The going remains tough
Domestic demand for steel products should remain buoyant in 2014, but macro risks, forex losses and the threat of imports are likely to continue to weigh on Ann Joo's prospects. New policies to curb dumping from China could help, but that has yet to materialise.
Our target price falls as we apply a lower CY15 target P/E of 8.6x (11.1x earlier), pegged to a 40% discount to its 10-year historical average. Dumping is likely to continue and the persisting global concerns may curtail its exports. The recent electricity tariff hike presents medium-term cost risks. Under our new rating structure, our call changes to Hold from Neutral. We recommend a switch to contractors.
Domestic demand backed by construction activities
The domestic demand for steel products should continue to be buoyant going into 2014. This will be supported by the pick-up in construction activities in infrastructure and building sectors. The implementation of rail projects such as the MRT SBK line and new MRT 2 under the Economic Transformation Programme (ETP) should also help demand.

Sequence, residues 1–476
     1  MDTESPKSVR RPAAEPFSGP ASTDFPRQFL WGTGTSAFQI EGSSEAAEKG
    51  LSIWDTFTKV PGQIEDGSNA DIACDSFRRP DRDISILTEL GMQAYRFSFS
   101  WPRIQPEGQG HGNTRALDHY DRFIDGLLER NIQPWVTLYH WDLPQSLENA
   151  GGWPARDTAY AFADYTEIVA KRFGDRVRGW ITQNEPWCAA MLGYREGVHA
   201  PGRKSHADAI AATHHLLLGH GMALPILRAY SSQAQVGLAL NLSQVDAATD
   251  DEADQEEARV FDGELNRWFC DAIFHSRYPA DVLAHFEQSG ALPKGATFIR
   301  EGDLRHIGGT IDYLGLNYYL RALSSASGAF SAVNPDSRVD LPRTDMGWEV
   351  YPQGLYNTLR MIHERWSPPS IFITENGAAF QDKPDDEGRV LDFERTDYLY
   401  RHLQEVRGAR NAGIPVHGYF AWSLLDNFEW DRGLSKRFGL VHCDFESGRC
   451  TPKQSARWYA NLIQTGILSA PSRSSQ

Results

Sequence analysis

Dumping from China
The dumping of steel wire rods by China's major producers continued in Sep 13 and is likely to sustain into 2014 as China's steel players take advantage of the 9% export rebate and the absence of domestic policies that could catalyse China‘s domestic steel demand. This, in turn poses price distortion risks for steel wire rods in Malaysia. The prices of local steel wire rods, which historically trade at a premium over that of steel bars, are still at a 5-10% discount to steel bars. There has yet to be any additional government intervention to address this issue. Also, some local players have been importing steel products to take advantage of the lower prices. The declining domestic revenue should be partially offset by Ann Joo's strategy to shift to the export market, but the volatility in RM/US$ may result in additional forex losses. Ann Joo's export sales form around 20-30% of its production volume.
Cost risks have emerged
Cost risks have emerged following the recent 16.85% average increase in industrial power tariffs. Electricity constitutes 8-12% of its production costs. Every 10% hike in the power tariff would cut its EPS by 9-10%. The cost advantage lies in the ability to switch to its blast furnace facility.
Publish date: 10/12/13